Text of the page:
The title Cat Peoplecould be misleading. Half-cat, half-human creatures roaming the streets (akin to An American Werewolf in London) is the first thought that comes to mind when the title – and its sequel The Curse of the Cat People – appeared in the BFI Gothic Season guide. Instead, this 1943 staple of the Universal horror film catalogue is a moody, sinister approach to psychiatry. Indeed, the question lingering in the fog, as to whether the woman is a cat at all is only answered in the third act of the film.
Set within the misty, fashionable streets of New York, Irena (Simone Simon) is a Serbian woman who is obsessed by the panthers and large cats in the New York Zoo. While drawing the majestic creatures (including a dagger, through the heart of the cat), she meets Ollie Reed (Kent Smith) – an architect. A brief flirtation and falling deeply in love, Irena and Ollie are married despite the paranoia that eats away at Irena each day. She recalls legends of the “Cat People” in her native country whereby women would turn into cats when filled with envy or greed – in fact, she believes that if she kisses a man, she will devour him shortly after. Suffice to say, the no-kissing and lack of intimacy within their marriages takes its toll. Ollie’s flirtations with his friend Alice (Jane Randolph) only makes matters worse and Irena’s paranoia may have more truth in it than people realise…
Highlighted in the BFI notes, producer Val Lewton “tossed away the horror formula right away from the beginning”, he adds “no grisly stuff for us”. Indeed, this is Cat People’s strength. We are forced to consider who Irena really is and stand-out scenes linger in your mind through Simone Simon’s edgy, convincing performance. In one scene she follows Alice home while director Jacques Tourneur cuts between the two sets of feet running down the street. Another sequence remains eerie as Alice leaps into a swimming pool as reflections flicker around the pool as we hear cat sounds. Val Lewton/RKO-produced horror films of the 1940’s were hugely influential, and Cat People has a charm that resonates. In 1942, it became RKO’s highest grosser for the year bringing in $4m. Because it was cheap and successful – like a contemporary Hollywood horror film such as Paranormal Activity – it was copied across Hollywood in the following years. But, the subtlety and growing intensity was harder to imitate. Getting under your skin, Cat People toys with a fear of loneliness and detachment, as if we are witnessing a husband who fails to understand his wife’s challenges – and pushes her away in the process.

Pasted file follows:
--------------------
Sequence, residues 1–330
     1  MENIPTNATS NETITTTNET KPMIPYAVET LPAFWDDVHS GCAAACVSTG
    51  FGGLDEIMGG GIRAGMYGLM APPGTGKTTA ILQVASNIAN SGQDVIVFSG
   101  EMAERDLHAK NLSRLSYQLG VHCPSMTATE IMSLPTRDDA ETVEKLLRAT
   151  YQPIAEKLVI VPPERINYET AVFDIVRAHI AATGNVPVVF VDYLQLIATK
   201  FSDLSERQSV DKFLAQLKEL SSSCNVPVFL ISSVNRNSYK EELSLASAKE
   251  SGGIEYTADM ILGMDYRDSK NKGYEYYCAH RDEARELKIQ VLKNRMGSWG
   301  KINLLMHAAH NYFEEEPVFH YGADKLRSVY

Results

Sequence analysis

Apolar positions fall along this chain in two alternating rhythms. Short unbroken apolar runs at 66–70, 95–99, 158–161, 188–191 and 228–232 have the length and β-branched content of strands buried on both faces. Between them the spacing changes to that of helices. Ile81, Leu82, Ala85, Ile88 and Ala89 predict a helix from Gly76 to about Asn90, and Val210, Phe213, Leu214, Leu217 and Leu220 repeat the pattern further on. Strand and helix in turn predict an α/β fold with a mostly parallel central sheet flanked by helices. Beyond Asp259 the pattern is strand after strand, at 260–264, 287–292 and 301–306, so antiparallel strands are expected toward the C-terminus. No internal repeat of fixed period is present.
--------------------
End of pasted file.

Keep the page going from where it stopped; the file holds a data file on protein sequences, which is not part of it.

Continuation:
This is Part I of a double-bill with The Curse of the Cat People, Part II of the review can be read here. The full review is on Flickering Myth.